The American Board of Obstetrics and Gynecology recently issued a new directive to U.S. OB-GYNs: Treat men, and risk losing the board’s certification. The board now prohibits the treatment of male patients, with a few exceptions: Doctors can care for men if they’re engaged in “active government service” or if the treatment is the course of the “evaluation of fertility,” the “expedited partner treatment of sexually transmitted diseases,” or a “newborn circumcision,” for example. The exceptions allow OB-GYNs to provide preventative and emergency care but bar men from returning to the gynecologist for further care when those routine checkups reveal a deeper problem.
As the New York Times reported this weekend, a group of gynecologists are specifically concerned that the board’s rule will prevent them from treating HPV-related anal cancers in men. Boston Medical Center gynecologist Dr. Elizabeth Stier, for example, treated 110 men for the disease last year and is participating in a multimillion-dollar clinical trial aimed at improving that treatment. As the Times puts it, some of the “best qualified, most highly skilled doctors” working on HPV-related cancers are gynecologists, who have extensive expertise treating HPV-related diseases in women.
The board reasons that gynecologists are specially trained “in the medical and surgical care of the female reproductive system and associated disorders.” But gynecologists are well-positioned to treat both men and women because they’re more likely to have experience with the “associated disorder” at work here. When it comes to HPV-related anal cancers, men and women are operating with similar equipment. The anoscopy procedure doctors use to identify anal cancers is identical regardless of gender. And the people most invested in treating it (and courting the funding to do so) are largely gynecologists.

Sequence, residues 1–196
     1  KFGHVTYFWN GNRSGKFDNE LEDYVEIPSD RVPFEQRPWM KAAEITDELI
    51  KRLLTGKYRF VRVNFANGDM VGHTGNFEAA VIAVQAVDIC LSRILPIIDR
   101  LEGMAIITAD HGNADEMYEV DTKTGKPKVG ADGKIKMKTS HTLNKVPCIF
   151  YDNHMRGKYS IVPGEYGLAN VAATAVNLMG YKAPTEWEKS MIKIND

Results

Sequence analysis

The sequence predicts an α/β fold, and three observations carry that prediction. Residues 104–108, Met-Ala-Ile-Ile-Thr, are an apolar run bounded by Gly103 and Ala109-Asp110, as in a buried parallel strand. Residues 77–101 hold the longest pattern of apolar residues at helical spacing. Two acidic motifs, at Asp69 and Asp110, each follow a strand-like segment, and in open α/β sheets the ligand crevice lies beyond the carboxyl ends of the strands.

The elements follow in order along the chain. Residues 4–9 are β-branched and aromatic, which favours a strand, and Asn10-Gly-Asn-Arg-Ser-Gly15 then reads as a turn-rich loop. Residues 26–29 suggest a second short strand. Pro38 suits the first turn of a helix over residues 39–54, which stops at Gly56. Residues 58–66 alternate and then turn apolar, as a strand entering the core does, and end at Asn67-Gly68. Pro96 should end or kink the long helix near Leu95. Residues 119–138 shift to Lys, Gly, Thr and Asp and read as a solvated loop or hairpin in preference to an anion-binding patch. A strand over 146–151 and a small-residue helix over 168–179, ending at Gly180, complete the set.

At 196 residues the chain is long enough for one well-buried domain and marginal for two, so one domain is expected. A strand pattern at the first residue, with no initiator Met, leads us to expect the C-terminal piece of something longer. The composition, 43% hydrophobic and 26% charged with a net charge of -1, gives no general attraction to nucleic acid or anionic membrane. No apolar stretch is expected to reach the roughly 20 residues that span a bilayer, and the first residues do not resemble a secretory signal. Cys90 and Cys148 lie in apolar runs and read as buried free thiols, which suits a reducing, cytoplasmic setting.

Gynecologists have also proven essential in the treatment of marginalized communities for a range of sexually related diseases, regardless of the patient’s gender. While the board makes an exception for men in the “management of transgender conditions,” it doesn’t make clear if it’s OK to treat trans patients for more general medical problems (and it doesn’t specify what “male” means in the context of a trans person). Clinics like Planned Parenthood, which often bills on a sliding scale, have made historic gains in making sexual health care more accessible to low-income women and men. As Stier explained to the Times, the procedures she performs “are embarrassing and uncomfortable for patients, and it takes time for a doctor to gain their trust. Many of her patients are poor, from minority groups and infected with H.I.V. Some live in shelters, some have histories of drug use. And anal disorders add more stigma.” The board’s directive puts up an additional barrier for men like them to follow up on necessary treatments after they’re diagnosed through routine “partner” evaluations.
This isn’t the first gender issue to hit the field of gynecology. Though the specialty, like most medical specialties, is still majority male, women are flooding America’s OB-GYN residencies; some male doctors even say they're attracting fewer patients because of a growing preference for female practitioners. Meanwhile, the board making decisions for those doctors' patients remains overwhelmingly male. And its recent decision is out of touch with the skills and interests of the practitioners shaping the field today. Gynecology is changing, in more ways than one. This new crisis may force the field to reconsider what it means to be an OB-GYN—and who's allowed to benefit from the doctors' expertise.
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